Tiny plastic pieces, referred to as microplastics, are used in many personal care and cosmetic products like toothpaste, skin creams, baby products, sunscreen and shaving cream. Since most of these products are used in the bathroom, they go down the drain as part of households’ wastewater streams. As wastewater treatment facilities do not “catch them”, a considerable amount of microplastics still find their way to the sea where they can: absorb and release pollutants, acting as vector for bacteria and viruses which can be harmful for marine and coastal organisms; be ingested by animals; have negative impacts on growth or feeding behaviour. While research on the impact of microplastics is at its early stages, there are early warning signs about their effects on the environment and human welfare. Cosmetics are by far not the only source of microplastics in the oceans. But their use is so common and widespread that cosmetics is a key entry point to raise awareness on microplastics issue. Initiatives by environmental NGOs, addressing the risks and impacts of microplastic in the oceans, are already under way.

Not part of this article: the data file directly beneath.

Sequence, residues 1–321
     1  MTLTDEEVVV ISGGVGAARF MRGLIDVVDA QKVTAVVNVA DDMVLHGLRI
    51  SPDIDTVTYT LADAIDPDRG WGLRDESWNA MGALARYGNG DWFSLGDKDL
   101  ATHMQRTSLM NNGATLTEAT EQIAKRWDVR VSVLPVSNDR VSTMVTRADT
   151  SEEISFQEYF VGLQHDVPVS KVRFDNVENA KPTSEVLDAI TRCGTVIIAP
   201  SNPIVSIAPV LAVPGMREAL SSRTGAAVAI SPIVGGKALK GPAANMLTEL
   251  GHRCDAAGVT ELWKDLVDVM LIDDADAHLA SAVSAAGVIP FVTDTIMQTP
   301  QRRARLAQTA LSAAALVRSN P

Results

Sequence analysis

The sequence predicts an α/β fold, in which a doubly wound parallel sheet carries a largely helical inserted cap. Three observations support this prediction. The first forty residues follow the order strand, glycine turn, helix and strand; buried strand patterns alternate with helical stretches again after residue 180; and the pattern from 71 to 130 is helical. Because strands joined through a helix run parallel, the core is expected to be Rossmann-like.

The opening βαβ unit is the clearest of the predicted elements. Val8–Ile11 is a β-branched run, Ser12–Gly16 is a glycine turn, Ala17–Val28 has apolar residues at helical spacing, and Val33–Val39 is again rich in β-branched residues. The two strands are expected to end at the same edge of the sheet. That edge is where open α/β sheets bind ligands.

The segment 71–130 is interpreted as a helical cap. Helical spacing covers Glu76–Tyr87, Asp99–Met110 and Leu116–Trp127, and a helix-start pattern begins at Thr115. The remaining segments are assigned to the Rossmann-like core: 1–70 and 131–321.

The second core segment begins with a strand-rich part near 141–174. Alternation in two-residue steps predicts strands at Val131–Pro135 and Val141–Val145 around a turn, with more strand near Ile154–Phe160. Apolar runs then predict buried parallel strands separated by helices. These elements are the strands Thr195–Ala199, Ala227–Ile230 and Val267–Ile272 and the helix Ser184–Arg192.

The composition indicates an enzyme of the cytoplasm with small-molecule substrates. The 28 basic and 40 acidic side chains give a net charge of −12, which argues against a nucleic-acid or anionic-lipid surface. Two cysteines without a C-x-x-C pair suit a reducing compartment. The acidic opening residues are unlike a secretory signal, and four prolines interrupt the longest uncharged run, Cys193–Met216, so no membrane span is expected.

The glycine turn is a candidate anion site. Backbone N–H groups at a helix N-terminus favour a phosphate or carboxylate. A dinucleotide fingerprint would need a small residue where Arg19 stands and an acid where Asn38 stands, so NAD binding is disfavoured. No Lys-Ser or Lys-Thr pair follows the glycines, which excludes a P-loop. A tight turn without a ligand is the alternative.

Ocean literacy tools could strengthen the effectiveness of these awareness-raising efforts while widening the support from all actors of the comestic value chain in shifting to the production of ocean-friendly products which do not contain microplastic components.